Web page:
An NYU flag hanging from a building.

NYU strives to provide all of its students with equal access to the many opportunities available here. If you have a disability, you’ll find people dedicated to working with you to access the resources and help you might need. You’ll also find a welcoming and enthusiastic community of fellow students, staff, and faculty, who will collaborate with you to realize your goals.

The Moses Center for Student Accessibility

If you’re looking for information about what it will be like navigating NYU with a disability, your first stop should be the Moses Center for Student Accessibility. The Moses Center can work with you to design a plan of action. They can also lead you through the process of figuring out accommodations.

Robyn Weiss, the Moses Center’s assistant vice president, explains, “The Moses Center works to provide reasonable accommodations to qualified students who disclose their disability. This can mean adjustments to policy, practice, or programs that provide equal access to NYU’s programs and activities.”

You’ll work with an accessibility specialist, who will talk with you about your needs and guide you through the resources that are available. They can tell you about academic-related help, such as alternative formats for course materials and assistive technology software available for the classroom or during exams. They can also provide you with housing accommodations, like furniture modifications, a placement in a residence hall that is more proximate to classrooms, or a single or wheelchair-accessible room. According to Weiss, “Accommodations and other related services are determined on a case-by-case basis, taking into consideration each student’s accessibility-related needs and NYU program requirements.”

If you’re planning to study abroad, you can turn to the Moses Center to help you decide which NYU sites and cities are good fits for you. You and your accessibility specialist will discuss the accommodations that are possible at the global locations you’re considering. They’ll also address the potential challenges of the cities you’d like to study in. In addition, they’ll connect you with their on-site liaison and global site staff to make sure you’ll have everything you need during your semester or year abroad.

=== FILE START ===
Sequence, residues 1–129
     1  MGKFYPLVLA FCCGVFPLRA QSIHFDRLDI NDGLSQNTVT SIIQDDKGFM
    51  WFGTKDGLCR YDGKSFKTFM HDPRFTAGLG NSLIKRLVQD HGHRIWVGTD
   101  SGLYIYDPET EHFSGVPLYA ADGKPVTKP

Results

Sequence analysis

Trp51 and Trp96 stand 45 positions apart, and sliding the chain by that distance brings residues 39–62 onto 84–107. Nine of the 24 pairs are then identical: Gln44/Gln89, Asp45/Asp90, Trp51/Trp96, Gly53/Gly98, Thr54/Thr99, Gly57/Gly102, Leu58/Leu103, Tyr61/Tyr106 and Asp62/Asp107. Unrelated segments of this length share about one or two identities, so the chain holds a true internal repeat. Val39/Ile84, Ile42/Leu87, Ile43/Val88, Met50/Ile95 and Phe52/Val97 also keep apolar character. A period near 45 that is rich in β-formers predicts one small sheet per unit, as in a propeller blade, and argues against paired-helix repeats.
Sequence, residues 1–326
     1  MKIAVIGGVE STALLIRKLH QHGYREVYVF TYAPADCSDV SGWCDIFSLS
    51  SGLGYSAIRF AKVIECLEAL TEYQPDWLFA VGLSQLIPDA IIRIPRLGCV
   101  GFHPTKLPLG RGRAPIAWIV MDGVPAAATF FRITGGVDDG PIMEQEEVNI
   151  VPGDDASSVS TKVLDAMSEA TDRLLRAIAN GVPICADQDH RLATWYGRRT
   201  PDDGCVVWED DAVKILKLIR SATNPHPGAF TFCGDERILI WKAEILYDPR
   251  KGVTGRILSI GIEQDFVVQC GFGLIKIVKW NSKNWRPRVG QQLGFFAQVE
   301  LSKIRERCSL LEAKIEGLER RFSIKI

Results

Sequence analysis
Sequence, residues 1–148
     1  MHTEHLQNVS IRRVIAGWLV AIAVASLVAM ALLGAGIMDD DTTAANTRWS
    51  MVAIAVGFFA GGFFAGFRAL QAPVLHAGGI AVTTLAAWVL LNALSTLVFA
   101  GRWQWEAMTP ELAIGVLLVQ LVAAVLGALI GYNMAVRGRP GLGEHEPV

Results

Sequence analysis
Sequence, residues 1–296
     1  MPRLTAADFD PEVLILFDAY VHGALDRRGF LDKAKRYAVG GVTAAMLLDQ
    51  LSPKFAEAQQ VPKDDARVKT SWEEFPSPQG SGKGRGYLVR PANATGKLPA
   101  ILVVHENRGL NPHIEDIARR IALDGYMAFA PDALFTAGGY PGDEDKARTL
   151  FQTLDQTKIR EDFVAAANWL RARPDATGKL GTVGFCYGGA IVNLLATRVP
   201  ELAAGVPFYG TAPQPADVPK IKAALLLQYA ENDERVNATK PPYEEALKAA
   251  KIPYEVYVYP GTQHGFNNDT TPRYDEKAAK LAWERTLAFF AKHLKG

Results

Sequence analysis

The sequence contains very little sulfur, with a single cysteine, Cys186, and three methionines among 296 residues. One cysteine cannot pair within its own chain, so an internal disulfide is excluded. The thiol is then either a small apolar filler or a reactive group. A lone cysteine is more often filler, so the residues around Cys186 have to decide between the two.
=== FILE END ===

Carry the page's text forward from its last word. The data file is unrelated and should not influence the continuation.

“As a manual wheelchair user, I worked with NYU London staff to make sure I would be able to access the campus and the city. NYU London’s staff is very much committed to making sure their students feel like they have a place there. I had the opportunity to arrive a week early so I was able to settle in and learn how to get around, which was really helpful in terms of feeling comfortable.”

—Johileny Meran, Global Public Health and Sociology major with a minor in Disability Studies
The NYU Disability Student Union

Sometimes connecting with other students to hear their experiences is the best way to find out how to navigate college with a disability. Check out the Disability Student Union (DSU), a group made up of students and alumni who either have disabilities themselves or advocate for others with disabilities.

The Disability Student Union logo.

The DSU works with the University to improve accessibility, promote disability awareness on campus, and discuss ways to increase inclusion in society as a whole. The student group also hosts events and serves as a safe space for students to explore ideas related to disability and share common experiences. And if you’re thinking of studying abroad, you can ask the DSU to connect you with other students who have studied at the sites you’re interested in so that you can hear their perspectives and advice.

Disability Education

NYU’s Disability Studies minor is an interdisciplinary program that explores the historical, social, and legal backgrounds that shape the experience of disability, with the goal of creating a more inclusive society. The minor is offered by the NYU Center for Disability Studies.

The Disability Zone logo.

And anyone at NYU can take Disability Zone, a workshop designed to bring awareness to disability and teach participants how to better advocate for friends, colleagues, and fellow students with disabilities. Participants are invited to share their personal experiences, explore accessibility on campus, and talk about disability social justice.

Cindy Nowicki is a writer and content strategist in NYU’s Office of Marketing Communications. She enjoys meeting with students to learn about their experiences and telling the stories of all the wonderful things happening at NYU. Cindy holds a BA in English from the University of Richmond and studied English literature at the University of Bristol, England. A Brooklyn native, she still discovers new things about New York City every day. She lives in Brooklyn with her husband and two young sons.